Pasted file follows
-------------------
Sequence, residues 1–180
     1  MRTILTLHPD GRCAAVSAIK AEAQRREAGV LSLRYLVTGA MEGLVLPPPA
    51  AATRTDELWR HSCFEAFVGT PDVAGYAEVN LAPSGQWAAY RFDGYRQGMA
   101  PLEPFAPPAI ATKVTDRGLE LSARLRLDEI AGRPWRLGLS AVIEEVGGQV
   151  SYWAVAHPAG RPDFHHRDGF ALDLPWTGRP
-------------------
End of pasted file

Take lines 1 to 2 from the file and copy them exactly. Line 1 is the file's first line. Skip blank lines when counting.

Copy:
Sequence, residues 1–180
     1  MRTILTLHPD GRCAAVSAIK AEAQRREAGV LSLRYLVTGA MEGLVLPPPA